The new deal is the latest instance of Gazprom playing hardball with its neighbors. Exactly a year ago, it cut off supplies to Ukraine, which had a newly elected West-leaning government, in what was widely seen as politically inspired move. That crisis ended when Ukraine agreed to a sharp price increase, to $95 per thousand cubic meters, while the price to Belarus remained at $47. Recently, Ukraine agreed to another hefty price increase to $130, but it kept the price well below Western European levels of $230 by giving Gazprom a stake in its pipeline system.
Now that Gazprom has treated the authoritarian, pro-Moscow government of Belarus in a similar way, it lends some credibility to Gazprom's claim to have not political but commercial motives, namely the end of heavily subsidized gas prices that date to when its neighbors were all Soviet states. Belarus will now pay $100 per thousand cubic meters, with prices rising to market levels by 2011. A portion of that price will be paid in shares of the national pipeline company.
"There have been absolutely no political demands from the Kremlin, only financial ones," said Jonathan Stern, director of gas research at the Oxford Institute for Energy Studies. Stern said that though this year's gas price in Belarus will be half that paid by Georgia, the differential may be more a reflection of the bargaining power Belarus had over the transit line to the rest of Europe than a political distinction between the pro-Moscow Belarus and the pro-West Georgia. Gazprom originally sought a price of $230 per thousand cubic meters from Belarus, then demanded $105; the implied price, $2.5 billion, it will pay for the Belarusan pipeline system is also more than it originally offered.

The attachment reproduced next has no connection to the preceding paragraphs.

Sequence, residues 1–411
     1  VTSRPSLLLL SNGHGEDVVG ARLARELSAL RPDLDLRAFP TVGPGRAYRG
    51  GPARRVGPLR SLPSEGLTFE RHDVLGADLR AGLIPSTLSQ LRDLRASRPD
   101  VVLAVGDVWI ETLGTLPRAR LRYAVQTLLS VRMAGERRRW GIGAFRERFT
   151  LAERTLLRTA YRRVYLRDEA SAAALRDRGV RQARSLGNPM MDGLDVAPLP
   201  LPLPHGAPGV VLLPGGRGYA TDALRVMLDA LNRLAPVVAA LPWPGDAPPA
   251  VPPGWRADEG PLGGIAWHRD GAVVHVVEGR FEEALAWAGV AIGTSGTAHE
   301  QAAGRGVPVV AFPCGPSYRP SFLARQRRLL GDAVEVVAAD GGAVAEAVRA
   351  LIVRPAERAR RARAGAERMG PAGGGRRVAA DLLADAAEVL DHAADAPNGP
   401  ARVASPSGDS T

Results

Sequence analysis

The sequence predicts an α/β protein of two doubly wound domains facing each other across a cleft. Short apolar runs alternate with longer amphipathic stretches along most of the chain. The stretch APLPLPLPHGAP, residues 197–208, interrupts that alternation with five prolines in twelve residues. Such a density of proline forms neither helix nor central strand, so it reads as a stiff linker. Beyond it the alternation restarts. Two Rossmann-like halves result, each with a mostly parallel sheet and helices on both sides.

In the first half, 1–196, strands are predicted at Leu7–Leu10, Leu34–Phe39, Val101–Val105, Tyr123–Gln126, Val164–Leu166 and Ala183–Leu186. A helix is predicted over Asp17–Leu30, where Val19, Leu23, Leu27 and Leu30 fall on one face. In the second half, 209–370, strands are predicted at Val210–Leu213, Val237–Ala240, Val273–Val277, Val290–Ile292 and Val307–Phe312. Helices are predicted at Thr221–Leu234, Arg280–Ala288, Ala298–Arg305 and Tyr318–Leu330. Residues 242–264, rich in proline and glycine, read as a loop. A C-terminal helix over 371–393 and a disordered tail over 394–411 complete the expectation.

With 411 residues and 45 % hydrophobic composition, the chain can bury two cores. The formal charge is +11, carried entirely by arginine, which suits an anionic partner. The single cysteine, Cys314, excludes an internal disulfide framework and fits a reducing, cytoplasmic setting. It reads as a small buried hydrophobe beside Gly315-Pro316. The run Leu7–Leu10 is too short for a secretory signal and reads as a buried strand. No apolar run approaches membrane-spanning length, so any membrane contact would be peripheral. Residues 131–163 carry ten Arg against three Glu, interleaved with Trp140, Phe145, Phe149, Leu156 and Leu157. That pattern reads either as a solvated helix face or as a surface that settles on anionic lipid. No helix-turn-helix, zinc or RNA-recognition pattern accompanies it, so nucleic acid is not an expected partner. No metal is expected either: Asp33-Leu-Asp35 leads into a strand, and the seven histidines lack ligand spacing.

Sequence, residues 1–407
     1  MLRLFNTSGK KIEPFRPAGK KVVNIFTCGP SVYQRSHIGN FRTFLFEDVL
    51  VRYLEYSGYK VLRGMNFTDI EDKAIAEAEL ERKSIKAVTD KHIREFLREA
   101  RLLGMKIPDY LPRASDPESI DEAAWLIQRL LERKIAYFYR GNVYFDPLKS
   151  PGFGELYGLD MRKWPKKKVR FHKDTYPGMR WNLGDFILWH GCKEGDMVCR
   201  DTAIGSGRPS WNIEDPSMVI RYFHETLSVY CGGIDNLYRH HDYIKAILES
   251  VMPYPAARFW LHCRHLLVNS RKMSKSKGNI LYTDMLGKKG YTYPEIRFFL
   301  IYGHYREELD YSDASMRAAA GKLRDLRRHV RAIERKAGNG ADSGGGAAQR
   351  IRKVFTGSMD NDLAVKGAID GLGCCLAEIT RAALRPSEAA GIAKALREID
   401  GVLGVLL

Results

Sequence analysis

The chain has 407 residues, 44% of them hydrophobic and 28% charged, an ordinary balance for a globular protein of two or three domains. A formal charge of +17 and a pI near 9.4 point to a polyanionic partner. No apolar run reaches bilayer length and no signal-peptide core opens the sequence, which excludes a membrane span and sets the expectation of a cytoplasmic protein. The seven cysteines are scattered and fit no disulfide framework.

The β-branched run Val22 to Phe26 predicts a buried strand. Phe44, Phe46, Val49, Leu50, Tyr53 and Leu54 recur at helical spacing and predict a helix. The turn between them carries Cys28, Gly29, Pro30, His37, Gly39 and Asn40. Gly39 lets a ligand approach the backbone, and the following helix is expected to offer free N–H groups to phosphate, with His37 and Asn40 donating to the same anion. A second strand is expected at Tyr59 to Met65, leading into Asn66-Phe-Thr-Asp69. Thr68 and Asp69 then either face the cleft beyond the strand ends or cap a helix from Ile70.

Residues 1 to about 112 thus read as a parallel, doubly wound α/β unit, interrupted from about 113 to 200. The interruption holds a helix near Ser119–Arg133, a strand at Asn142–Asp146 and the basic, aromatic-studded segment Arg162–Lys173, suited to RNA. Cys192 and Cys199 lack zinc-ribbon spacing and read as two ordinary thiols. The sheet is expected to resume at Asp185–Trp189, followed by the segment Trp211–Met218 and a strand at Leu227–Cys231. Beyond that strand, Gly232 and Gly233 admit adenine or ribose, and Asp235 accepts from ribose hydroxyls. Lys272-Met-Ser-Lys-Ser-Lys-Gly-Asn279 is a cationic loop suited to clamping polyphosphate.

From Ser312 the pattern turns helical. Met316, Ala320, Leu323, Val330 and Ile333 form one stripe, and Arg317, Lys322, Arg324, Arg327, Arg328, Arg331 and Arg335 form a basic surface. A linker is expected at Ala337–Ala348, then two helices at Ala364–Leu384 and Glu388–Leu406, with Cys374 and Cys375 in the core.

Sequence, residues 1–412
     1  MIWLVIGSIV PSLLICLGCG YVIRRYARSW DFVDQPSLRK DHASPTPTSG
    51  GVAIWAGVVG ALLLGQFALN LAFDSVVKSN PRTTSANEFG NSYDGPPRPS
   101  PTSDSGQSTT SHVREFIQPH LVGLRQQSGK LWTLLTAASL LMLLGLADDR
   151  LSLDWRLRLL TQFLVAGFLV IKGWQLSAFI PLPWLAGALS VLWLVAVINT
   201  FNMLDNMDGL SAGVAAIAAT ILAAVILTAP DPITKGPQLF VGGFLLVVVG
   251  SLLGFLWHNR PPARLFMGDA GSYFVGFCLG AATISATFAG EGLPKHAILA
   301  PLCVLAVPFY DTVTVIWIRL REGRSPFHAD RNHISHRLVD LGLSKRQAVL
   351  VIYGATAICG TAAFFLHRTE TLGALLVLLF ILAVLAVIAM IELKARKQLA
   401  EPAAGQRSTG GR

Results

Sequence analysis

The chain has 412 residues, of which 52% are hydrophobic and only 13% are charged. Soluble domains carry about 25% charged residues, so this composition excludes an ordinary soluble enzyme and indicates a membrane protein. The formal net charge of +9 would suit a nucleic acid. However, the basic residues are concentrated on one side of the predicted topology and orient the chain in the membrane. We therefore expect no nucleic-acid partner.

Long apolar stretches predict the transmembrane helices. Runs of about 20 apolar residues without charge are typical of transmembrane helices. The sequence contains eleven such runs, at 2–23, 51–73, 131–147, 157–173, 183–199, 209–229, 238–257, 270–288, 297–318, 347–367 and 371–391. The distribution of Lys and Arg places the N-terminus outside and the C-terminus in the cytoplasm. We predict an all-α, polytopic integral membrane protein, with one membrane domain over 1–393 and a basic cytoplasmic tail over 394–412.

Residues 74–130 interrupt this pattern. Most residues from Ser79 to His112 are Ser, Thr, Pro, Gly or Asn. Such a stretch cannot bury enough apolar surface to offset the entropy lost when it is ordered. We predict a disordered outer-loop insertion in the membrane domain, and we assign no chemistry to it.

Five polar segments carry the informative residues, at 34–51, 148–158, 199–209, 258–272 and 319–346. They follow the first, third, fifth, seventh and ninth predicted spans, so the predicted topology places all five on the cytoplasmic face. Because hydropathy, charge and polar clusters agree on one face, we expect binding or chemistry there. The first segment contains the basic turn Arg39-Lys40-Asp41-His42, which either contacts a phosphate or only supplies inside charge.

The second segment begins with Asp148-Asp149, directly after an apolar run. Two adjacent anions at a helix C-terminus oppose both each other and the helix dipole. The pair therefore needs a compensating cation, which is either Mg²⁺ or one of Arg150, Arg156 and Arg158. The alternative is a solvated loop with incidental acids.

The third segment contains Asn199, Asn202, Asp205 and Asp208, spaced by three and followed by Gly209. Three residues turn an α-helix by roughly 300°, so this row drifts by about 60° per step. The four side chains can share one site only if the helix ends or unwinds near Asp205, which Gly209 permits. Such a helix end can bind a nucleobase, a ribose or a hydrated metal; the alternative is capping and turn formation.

Still, in Western Europe, Gazprom's brinkmanship has raised alarms about its power and expansionism. Western Europe is heavily dependent on Russian natural gas supplies, which account for a quarter of Europe's needs and 40 percent of its imports. That share is expected to rise over the next 15 years, according to an analysis by Deutsche Bank Securities.
About 80 percent of the Russian gas crosses Ukraine, and the rest crosses Belarus. Both price disputes threatened to cut off or curtail those supplies; Belarus threatened to siphon the gas it needs from supplies destined for other countries, and a year ago, Gazprom's two-day cutoff to Ukraine crimped supplies elsewhere. That has spurred talk about Europe's energy security and its need for supply diversification.
"All of a sudden, Russian supplies, which seemed so reliable during the Cold War, seem unreliable," said Stephen O'Sullivan, emerging-markets oil and gas analyst for Deutsche Bank. He said that is driving Europe to look at nuclear power and liquefied natural gas imports from other countries. Even though the Belarus dispute was settled before supplies were disrupted, O'Sullivan says: "It gives more momentum to a search for alternatives to Russia . . . You never know what might happen down the line."
In addition, Gazprom has been trying to use its leverage as the biggest supplier of natural gas to Europe and its control over access to oil and gas exploration prospects in Russia to acquire stakes in pipeline networks in countries such as Italy, France and Germany. But those countries have been reluctant to put their private firms under the control of a state-owned company, especially because Russia strictly limits foreign acquisitions within its borders.